BUSINESS news

Thursday, May 14, 2009
VAT plans put on hold.

Dubai: The UAE appears to have abandoned plans to implement value-added tax (VAT) for the time being, a top official said, adding that the worst for Dubai is over.

The government is going to enact a new Investment Law and revise the Companies Law in the next six months. The Investment Law will change the country's foreign investment regime and allow more than 49 per cent foreign ownership in companies in certain sectors outside free zone areas.

"The government is currently working on a number of laws and regulations that will reduce procedures and lower licensing and business registration costs and make Dubai a more competitive place to work and live in," Hamad Bu Amim, Director-General of Dubai Chamber of Commerce and Industry, told Gulf News in an exclusive interview.

"The worst for us is over. So plans like VAT are definitely off the government's agenda, as the government is currently working on a comprehensive set of rules and regulations that will make our economy more competitive and ease doing business," he said.

The UAE Government had planned to introduce VAT in phases from later this year or early 2010. The tax was to start at three per cent and replace the five per cent import duty.

The plan, in line with a Gulf-wide implementation, had met with resistance, especially in view of the current economic situation.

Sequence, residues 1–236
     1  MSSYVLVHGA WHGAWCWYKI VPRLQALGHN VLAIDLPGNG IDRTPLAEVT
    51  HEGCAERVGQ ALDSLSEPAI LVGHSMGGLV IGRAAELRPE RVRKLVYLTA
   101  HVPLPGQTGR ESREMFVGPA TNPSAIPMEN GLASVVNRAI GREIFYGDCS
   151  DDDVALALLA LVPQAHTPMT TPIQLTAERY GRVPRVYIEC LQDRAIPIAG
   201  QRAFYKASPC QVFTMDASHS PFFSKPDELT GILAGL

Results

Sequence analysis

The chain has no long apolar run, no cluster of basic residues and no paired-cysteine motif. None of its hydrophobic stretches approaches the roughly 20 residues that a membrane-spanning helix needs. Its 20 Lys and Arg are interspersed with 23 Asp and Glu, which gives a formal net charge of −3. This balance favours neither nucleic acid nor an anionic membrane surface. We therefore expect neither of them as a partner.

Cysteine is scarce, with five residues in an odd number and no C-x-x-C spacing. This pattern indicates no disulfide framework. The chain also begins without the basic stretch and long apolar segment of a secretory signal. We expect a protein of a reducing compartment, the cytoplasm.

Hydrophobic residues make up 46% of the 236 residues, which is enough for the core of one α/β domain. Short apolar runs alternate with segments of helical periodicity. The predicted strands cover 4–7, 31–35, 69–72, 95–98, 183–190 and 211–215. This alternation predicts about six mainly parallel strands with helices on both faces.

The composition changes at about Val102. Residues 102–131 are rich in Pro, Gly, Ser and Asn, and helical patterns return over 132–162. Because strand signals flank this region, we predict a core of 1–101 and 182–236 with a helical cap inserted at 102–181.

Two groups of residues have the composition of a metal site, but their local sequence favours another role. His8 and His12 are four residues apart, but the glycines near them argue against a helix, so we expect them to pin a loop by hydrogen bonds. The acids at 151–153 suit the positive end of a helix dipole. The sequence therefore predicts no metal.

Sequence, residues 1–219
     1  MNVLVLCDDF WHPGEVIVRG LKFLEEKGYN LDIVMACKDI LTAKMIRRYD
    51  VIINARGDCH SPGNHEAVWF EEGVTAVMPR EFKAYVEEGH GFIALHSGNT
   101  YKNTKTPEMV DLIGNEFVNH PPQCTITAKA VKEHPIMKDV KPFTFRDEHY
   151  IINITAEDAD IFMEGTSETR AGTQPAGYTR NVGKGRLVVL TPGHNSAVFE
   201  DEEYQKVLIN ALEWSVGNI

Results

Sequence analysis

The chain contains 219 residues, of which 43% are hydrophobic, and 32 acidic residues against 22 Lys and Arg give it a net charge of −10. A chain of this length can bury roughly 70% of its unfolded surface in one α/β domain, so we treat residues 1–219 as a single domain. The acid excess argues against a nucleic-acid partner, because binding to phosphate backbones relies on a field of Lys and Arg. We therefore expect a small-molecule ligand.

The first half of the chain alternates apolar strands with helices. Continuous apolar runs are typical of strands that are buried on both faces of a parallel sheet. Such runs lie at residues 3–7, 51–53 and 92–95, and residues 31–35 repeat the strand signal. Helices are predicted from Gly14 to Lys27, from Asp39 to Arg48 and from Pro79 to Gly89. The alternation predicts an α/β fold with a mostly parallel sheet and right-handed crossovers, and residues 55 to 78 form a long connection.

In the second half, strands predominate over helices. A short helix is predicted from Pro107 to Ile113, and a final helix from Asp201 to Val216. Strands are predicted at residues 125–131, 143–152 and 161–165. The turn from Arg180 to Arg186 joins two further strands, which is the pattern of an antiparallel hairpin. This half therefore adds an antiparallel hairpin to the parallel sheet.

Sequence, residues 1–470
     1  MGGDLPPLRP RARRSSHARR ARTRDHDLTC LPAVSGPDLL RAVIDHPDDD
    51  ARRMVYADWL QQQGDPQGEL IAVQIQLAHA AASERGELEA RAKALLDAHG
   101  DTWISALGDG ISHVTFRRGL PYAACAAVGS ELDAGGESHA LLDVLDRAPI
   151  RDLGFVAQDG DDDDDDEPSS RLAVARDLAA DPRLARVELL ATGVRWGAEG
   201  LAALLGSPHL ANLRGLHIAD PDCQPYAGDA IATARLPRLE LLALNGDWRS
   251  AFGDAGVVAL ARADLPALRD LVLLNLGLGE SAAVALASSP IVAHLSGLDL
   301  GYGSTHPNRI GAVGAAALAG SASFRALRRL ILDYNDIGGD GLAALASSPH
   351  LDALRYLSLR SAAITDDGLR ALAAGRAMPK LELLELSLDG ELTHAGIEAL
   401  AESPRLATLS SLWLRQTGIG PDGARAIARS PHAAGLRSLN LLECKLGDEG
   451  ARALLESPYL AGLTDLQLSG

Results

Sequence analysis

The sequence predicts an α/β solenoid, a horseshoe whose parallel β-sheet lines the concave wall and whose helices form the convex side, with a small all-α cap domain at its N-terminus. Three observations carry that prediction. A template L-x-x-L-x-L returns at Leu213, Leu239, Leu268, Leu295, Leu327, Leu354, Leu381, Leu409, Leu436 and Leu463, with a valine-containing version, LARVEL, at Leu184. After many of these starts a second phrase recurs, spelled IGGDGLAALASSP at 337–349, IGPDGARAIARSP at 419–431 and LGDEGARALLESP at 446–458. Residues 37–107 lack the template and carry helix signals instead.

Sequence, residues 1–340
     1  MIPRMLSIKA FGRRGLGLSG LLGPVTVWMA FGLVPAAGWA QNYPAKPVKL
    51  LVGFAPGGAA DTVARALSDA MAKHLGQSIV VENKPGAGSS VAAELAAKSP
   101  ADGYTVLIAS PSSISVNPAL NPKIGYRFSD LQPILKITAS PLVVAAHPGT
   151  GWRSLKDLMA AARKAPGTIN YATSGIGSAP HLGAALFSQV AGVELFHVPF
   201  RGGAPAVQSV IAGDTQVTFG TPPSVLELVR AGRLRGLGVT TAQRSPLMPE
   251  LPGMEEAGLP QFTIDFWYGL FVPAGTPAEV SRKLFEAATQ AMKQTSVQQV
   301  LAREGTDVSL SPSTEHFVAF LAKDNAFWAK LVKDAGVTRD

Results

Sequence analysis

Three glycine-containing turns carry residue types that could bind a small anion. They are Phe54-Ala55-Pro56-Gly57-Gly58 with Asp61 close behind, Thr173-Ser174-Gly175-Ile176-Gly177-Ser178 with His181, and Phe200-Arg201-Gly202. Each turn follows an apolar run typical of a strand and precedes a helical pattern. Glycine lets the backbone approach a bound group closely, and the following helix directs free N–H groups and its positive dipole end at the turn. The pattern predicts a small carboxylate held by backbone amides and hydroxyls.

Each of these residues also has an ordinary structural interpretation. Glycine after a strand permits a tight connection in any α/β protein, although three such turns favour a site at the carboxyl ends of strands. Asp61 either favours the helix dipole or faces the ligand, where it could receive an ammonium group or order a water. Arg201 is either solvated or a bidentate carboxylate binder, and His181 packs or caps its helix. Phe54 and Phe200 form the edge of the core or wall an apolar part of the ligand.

The six Gulf states created a Customs Union in 2003 and a Common Market in 2008, in line with creating a Monetary Union by 2010 - a deadline currently in doubt.

"The government is working on a new Investment Law, which could be announced in the second half of the year, and looking at reducing the number of licensing and business registration procedures by a third from 21," Bu Amim said.

Currently, it takes about two years and 50 procedures to enforce a contract. The UAE ranks 144 among 178 economies in business competitiveness.

The government is also revising the Commercial Companies Law and the Commercial Agencies Law, and re-introducing the Bankruptcy Law and bringing them in line with international best practices.

The Bankruptcy Law, which is expected to suggest ways to protect businesses from creditors during difficult economic periods, will help businesses to continue instead of facing legal proceedings.

The UAE, especially Dubai, witnessed a boom for five years that was fuelled by real estate, construction sector and high oil prices, till things began to change late last year.

A massive capital outflow then impacted the country's economy, eliminating speculators from the market, which is currently in a clean-up mode.

The moves, Bu Amim said, come in line with the UAE strategy to streamline processes to boost government's performance and investor confidence.



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